Configure AFS Access Rights

Data access in AFS is controlled by per directory access control lists (ACLs), which map user or group identities to a set of access rights. The listacl and setacl subcommands of the fs command suite are the interface to list and change the ACLs of a directory. Here is an example of a listing:

$ fs listacl $HOME/alliance
Access list for /afs/ is
Normal rights:
     pam rlidwka
     jim rlidwk

To understand what type of rights have been granted to users pam and jim, this shows the seven rights provided by AFS to control access to a directory and to the files that the directory contains:

  • r = “read” allows the named user to read the file content and to query file status.
  • l = “lookup” allows the user to list the files and directories, to examine the ACL and to access the subdirectories.
  • i = “insert” allows the user to add new files and directories.
  • d = “delete” allows the user to remove files from a directory and to remove subdirectories, for which they have insert right.
  • w = “write” allows the user to change the file content (and also to change the UNIX permission bits, see below).
  • k = “lock” allows the user to use full-file advisory locks. (Note that there is no byte-range locking available in AFS.)
  • a = “administer” allows the user to change the ACL of a directory.

An additional constraint to make use of these privileges is that the user has at least the right to list (access right “l”) all parent directories.

To make life easier when setting ACLs via fs setacl, AFS provides some shortcuts to assign certain sets of rights:

  • “read” corresponds to rl and provides read access;
  • “write” corresponds to rlidwk and grants read and write access;
  • “all” corresponds to rlidwka and gives full access;
  • “none” removes all permissions for a user.

Assigning permission “none” removes the rights of a user but does not prevent accessing all cases because the user may be a member of a group that still has the right to access a directory. To prevent access to directories explicitly, ACLs in AFS support negative rights. By adding the negative option when setting ACLs, you can deny users rights that they would otherwise have by virtue of their group membership.

$ fs setacl -dir $HOME/alliance -acl dwight all -negative
$ fs listacl $HOME/alliance
Negative rights:
     dwight rlidwka

User dwight has now been denied all rights on the alliance directory, even if a group where he is a member is granted access later on. Caveat: if anonymous groups like system:anyuser are on the ACLs, the assignment of negative rights will not have the desired effect.

A common pitfall

By far the most confusing parameter that comes with the fs setacl command is the -clear option. This does not clear all of the rights of a given user or group but rather acts as a two-step command that wipes out the whole ACL and then assigns the rights given.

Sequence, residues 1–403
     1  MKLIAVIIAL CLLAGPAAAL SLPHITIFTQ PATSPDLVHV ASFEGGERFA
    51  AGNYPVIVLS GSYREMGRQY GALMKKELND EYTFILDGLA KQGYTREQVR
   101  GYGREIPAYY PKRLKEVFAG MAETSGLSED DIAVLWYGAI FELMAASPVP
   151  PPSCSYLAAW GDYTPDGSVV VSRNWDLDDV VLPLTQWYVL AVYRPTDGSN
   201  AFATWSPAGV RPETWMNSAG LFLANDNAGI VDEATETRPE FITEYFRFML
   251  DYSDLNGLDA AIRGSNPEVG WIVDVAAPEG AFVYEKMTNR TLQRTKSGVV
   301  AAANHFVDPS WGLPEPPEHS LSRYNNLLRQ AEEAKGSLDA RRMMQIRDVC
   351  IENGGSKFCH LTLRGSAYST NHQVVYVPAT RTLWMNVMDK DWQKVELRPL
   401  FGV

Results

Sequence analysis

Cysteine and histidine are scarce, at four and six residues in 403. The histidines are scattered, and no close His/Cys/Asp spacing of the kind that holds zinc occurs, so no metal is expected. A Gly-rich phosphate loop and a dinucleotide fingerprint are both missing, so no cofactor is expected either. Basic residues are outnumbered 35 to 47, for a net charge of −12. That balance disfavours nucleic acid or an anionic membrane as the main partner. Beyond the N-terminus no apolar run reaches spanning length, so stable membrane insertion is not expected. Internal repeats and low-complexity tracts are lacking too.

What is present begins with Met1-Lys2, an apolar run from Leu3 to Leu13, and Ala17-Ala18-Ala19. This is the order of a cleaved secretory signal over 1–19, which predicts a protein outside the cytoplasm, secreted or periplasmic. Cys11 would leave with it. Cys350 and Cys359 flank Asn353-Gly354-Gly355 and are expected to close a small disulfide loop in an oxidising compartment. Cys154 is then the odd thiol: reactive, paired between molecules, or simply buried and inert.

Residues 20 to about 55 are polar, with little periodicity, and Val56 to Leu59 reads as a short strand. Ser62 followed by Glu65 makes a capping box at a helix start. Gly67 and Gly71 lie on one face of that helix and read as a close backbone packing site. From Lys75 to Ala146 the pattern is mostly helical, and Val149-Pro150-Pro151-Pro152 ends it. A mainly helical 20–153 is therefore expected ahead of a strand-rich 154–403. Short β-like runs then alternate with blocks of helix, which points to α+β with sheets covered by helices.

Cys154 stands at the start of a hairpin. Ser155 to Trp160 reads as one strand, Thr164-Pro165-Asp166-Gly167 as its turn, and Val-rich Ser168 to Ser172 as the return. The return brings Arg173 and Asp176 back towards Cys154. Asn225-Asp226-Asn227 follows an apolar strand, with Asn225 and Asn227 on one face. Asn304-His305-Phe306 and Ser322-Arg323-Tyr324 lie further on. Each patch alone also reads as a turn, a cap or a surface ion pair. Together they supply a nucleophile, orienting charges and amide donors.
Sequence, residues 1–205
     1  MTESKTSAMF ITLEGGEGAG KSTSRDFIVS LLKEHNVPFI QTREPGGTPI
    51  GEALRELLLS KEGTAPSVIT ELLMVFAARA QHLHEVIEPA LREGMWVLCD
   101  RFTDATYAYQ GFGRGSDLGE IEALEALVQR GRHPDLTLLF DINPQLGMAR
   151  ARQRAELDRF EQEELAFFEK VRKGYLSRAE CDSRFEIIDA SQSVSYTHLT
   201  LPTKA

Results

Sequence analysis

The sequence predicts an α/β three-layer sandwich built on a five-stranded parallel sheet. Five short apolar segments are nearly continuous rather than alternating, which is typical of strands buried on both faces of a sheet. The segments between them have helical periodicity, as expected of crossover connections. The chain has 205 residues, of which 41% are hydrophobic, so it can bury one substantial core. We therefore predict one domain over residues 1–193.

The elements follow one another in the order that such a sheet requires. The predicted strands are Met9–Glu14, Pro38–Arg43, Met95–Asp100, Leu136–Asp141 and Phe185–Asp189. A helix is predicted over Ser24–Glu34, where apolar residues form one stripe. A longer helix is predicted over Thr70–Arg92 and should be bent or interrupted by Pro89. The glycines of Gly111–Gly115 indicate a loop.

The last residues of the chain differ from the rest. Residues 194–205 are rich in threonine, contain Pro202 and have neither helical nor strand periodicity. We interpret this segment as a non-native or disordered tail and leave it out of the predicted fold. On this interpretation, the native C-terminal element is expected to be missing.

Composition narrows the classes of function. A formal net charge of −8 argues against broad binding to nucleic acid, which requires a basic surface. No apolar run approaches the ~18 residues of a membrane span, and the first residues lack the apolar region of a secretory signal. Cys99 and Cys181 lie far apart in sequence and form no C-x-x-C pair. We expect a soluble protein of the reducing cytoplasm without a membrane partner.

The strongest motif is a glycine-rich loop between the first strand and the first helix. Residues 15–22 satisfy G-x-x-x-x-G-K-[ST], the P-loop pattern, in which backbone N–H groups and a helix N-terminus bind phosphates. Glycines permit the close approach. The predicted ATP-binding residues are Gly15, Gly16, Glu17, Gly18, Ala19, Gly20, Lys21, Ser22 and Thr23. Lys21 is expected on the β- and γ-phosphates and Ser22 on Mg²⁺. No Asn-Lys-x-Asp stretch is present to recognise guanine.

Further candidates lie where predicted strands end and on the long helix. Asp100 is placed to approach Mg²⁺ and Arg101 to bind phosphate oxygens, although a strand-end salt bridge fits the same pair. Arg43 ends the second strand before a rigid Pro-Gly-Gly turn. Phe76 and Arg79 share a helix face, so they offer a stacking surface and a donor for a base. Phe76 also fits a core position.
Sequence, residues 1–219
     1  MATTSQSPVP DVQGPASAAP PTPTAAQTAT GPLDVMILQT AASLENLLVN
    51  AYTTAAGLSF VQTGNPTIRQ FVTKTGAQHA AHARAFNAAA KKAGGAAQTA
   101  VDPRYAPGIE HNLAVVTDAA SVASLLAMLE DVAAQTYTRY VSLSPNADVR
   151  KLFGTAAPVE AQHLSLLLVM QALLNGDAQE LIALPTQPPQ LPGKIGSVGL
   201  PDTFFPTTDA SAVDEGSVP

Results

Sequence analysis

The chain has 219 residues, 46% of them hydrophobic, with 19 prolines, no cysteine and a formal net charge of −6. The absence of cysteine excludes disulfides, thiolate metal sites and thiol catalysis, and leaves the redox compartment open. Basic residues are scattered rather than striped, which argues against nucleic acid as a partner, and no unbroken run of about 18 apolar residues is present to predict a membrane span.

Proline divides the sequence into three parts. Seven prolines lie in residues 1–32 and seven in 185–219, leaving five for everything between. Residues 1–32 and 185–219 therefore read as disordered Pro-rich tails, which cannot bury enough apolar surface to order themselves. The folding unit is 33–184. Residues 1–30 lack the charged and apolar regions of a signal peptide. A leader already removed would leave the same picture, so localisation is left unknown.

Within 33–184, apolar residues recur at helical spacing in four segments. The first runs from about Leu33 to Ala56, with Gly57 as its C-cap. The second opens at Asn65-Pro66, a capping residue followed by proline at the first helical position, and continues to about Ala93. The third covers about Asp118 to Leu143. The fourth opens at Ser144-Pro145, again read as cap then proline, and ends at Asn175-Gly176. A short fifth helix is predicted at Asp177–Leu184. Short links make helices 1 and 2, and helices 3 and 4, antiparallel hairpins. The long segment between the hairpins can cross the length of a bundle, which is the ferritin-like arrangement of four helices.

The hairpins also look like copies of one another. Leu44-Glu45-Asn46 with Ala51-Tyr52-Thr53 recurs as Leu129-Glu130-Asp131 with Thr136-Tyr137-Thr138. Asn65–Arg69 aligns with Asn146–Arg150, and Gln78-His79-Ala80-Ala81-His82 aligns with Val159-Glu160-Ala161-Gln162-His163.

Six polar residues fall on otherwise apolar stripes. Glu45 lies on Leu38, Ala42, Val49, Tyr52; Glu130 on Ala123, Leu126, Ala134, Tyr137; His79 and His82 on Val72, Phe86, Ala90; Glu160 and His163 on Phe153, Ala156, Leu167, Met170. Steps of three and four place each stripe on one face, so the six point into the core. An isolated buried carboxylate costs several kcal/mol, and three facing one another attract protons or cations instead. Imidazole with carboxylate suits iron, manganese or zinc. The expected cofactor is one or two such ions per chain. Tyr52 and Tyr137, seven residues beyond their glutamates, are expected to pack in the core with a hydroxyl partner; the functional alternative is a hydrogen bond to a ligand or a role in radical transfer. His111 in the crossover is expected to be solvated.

Taking our example from above,

$ fs setacl -dir $HOME/alliance -acl dwight all -clear

would not remove all permissions for user dwight but remove all entries from the ACL and then assign all permissions to dwight, which is contrary to the original intention.

How do ACLs and UNIX permission bits interact?

For directories, AFS completely ignores all of the UNIX permission bits – only the AFS ACL rights concerning directories (i.e. lida) are taken into account.

For files, the situation is a little different: AFS also ignores the group and world permissions for files, but the user permission bits act as an additional level of access control after the ACL permission checking has taken place.

  • The r bit allows anyone with rl on his ACL to read the file. If the r bit is not set, no one can read that file (not even the owner).
  • The w bit allows anyone with wl on his ACL to write to the file. If the w bit is not set, no-one can write that file (not even the owner).
  • The x bit allows anyone with rl on his ACL to execute the file. If the x bit is not set, no one can execute that file (not even the owner). This also implies that you cannot have a file in AFS that a user can execute but not read.

So, by using the combination of ACLs and UNIX permission bits it is possible to define something close to a per file access control, even though it does not provide the full flexibility of AFS’ per directory ACLs. There is currently a discussion in the AFS community to extend AFS to support fully fledged per file ACLs.

It should be emphasized that AFS does not really care about group membership or user ID (although there have been applications in the past that tried to outsmart the system and take decisions based on that). As a consequence, you should not be worried if an ls -l displays unknown owners or groups, because really only the UNIX owner bits matter for AFS.

Further information

The openAFS website provides information about all AFS commands external link.